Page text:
He is 20 years old. Since his childhood, computers have been the center of his life. He works in the capital of Bulgaria, Sofia, as a cybersecurity expert at a firm owned by an American company in Washington, D.C. “There is so much you can learn,” Kristiyan Boykov said. “Endless possibilities.”

In just a day at the end of July, Boykov became one of the most famous young people in Bulgaria. He was arrested on charges of unprecedented hacking of the system of the National Revenue Agency (a state authority under the Minister of Finance in Bulgaria), the equivalent of the U.S. Internal Revenue Service. The personal data of over five million Bulgarian citizens, nearly every working adult, was stolen remotely and virtually from this institution. The case led to an unseen scandal that continues.

Sent to several media by an e-mail with a Russian address, the data then appeared on the Internet,  accessible to the whole world. The Minister of Interior Mladen Marinov even hinted that Russia may be behind the attack. “Organized criminal groups involved in cyberattacks usually seek financial profits, but political motives are possible,” he told reporters. “One can make a guess here.”

The breach was made with one of the most basic tools in the hacker kit, known as SQL Injection — the attacker uses a login page to insert malicious code that allows access to data.

And while much of the Bulgarian society is just beginning to realize what cyberterrorism is, the situation in the United States is a lot different. According to a recent survey conducted by The Chicago Council on Global Affairs, Americans perceive cyberattacks on computer networks as the greatest threat. International terrorism, the nuclear programs of North Korea and Iran, and climate change are next, respectively.

In August, the account of Twitter’s CEO and Co-Founder, Jack Dorsey became the target of a cyberattack. His profile, which is followed by more than four million people, was programmed to tweet obscene, offensive and racist messages for 15 minutes.

“The phone number associated with the account was compromised due to a security oversight by the mobile provider,” Twitter said in a statement. “This allowed an unauthorized person to compose and send tweets via text message from the phone number.”

The hackers used a technique known as “simswapping” (or “simjacking”) to control Dorsey’s account.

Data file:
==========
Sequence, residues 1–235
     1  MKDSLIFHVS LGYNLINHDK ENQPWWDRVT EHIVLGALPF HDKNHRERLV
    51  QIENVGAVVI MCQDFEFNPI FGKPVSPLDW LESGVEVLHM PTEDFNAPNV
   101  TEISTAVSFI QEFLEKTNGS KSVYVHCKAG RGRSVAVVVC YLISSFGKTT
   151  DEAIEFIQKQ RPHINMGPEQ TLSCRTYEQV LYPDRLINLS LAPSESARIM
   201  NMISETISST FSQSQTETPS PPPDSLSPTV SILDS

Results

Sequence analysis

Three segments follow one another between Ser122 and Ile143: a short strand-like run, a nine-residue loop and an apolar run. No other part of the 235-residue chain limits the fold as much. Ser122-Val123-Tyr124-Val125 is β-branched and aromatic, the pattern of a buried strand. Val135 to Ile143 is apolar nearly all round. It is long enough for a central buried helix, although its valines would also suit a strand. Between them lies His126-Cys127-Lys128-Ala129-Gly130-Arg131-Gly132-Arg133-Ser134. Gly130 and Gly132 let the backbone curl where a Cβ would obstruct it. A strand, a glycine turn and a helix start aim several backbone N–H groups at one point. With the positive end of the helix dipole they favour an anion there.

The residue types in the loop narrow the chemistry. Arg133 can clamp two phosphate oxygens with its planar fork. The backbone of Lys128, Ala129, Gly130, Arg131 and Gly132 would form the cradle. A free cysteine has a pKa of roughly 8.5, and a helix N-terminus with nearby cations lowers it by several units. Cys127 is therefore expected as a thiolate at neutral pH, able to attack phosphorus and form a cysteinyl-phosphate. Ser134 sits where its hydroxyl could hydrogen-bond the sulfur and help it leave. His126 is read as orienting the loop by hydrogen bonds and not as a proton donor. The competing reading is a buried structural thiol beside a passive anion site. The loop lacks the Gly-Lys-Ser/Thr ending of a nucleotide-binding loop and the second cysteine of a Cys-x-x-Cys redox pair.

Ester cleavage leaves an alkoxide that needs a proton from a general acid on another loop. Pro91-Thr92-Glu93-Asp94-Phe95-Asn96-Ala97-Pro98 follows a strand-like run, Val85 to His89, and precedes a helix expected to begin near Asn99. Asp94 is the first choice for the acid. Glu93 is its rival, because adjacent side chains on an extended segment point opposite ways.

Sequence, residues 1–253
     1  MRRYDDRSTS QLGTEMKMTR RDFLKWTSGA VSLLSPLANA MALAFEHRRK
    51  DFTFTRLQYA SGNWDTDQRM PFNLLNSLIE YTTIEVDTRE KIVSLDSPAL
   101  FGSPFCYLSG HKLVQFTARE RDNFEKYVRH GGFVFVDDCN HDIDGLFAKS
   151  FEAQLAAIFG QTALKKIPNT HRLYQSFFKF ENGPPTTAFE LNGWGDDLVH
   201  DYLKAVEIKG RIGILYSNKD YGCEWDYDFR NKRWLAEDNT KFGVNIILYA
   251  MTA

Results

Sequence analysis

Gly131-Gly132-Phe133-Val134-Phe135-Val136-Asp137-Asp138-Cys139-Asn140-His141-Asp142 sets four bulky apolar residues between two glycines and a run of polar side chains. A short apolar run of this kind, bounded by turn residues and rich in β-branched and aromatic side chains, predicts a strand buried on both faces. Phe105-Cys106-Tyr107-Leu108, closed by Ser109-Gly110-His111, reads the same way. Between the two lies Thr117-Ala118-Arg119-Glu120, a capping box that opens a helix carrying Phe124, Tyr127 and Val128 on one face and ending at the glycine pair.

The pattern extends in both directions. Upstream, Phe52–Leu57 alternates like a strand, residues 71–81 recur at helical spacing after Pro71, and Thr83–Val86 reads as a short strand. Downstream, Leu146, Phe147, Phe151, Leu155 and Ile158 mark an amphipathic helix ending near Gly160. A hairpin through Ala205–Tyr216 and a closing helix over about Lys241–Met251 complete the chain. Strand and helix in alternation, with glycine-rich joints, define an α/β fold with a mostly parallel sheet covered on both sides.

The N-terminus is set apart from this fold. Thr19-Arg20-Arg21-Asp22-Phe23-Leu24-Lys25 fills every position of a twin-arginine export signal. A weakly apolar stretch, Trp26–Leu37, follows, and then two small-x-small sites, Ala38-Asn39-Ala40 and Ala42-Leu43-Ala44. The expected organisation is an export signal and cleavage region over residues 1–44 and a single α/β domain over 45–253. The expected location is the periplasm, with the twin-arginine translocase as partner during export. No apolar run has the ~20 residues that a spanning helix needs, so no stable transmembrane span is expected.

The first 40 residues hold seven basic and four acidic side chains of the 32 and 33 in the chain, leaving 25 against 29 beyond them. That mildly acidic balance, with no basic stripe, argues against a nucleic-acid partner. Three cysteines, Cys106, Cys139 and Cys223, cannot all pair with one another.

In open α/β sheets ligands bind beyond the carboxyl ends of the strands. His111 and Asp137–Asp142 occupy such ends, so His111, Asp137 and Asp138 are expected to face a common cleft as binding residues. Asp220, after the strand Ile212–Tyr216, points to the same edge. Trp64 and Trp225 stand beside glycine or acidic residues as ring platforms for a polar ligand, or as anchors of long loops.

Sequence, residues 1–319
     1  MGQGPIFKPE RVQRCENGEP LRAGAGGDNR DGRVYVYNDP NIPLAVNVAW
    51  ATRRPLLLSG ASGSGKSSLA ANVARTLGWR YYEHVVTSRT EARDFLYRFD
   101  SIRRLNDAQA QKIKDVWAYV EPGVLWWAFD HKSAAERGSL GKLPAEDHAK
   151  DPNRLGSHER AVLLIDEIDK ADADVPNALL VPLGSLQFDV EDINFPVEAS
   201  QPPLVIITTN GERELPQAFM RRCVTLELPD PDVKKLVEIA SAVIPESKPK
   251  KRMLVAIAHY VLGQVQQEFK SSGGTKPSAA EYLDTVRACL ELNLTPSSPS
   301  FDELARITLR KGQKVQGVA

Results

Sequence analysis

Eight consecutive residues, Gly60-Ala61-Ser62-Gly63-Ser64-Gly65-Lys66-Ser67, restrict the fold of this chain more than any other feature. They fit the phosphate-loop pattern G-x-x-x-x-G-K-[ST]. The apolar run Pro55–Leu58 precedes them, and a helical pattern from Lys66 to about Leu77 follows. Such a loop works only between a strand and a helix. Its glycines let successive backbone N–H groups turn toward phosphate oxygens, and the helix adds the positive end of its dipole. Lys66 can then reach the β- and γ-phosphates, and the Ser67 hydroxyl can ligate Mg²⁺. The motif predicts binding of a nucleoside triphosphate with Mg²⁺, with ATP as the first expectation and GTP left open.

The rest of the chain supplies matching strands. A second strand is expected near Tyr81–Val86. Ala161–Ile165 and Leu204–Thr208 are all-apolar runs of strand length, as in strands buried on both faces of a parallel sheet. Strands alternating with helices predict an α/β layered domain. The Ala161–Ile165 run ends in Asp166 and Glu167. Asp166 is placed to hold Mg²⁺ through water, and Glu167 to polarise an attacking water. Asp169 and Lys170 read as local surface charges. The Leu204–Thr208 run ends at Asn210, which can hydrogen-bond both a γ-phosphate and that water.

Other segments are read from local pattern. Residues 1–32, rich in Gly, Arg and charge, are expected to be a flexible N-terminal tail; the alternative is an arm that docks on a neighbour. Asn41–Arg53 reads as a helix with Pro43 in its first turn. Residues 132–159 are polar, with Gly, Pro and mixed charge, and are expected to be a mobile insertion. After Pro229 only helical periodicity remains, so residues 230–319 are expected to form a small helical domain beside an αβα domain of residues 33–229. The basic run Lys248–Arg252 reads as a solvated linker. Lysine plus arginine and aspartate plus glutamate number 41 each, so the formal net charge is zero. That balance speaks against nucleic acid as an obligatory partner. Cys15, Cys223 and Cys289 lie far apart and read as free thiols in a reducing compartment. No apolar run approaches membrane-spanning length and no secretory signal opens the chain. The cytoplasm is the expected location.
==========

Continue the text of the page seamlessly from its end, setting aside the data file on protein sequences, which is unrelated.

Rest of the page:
Major hacking attacks also occurred during the 2016 presidential race. In that case, hackers digitally broke into the email accounts of the Democratic National Committee and John Podesta, the Clinton campaign chief, and then published stolen emails online.

Tom Burt, a vice president of customer security and trust at Microsoft, said the majority of nation-state attacks the company has detected against all Microsoft customers have originated with actors in Iran, North Korea and Russia. The Microsoft data suggest that, when it comes to the threat of cyberattacks, the 2020 elections are shaping up to be as bad or worse than 2016.

According to the company, Iranian hackers made more than 2,700 attempts to identify the email accounts of current and former U.S. government officials, journalists covering political campaigns and accounts associated with a presidential campaign.

“The threat is real and it’s not stopping,” Tom Burt says. “Anyone involved in the democratic process needs to know that it’s likely not a question of if they’ll be targeted, but whether they will be breached. And there’s a lot they can do today — basic cybersecurity hygiene — to protect themselves.”

Back in Bulgaria, alleged cyberterrorist Boykov is pleading not guilty. The Prosecutor’s Office accused him of creating instability in the country. Boykov’s bosses were also arrested on suspicious of being the ones organizing the cyberattack. They also deny guilt. The case against them is yet to start.

The lesson after this situation is that some institutions, at least in Bulgaria, are easy targets for hacking. In fact, no one should feel completely protected in this new era of unpredictable cyber threats, because no one is untouchable.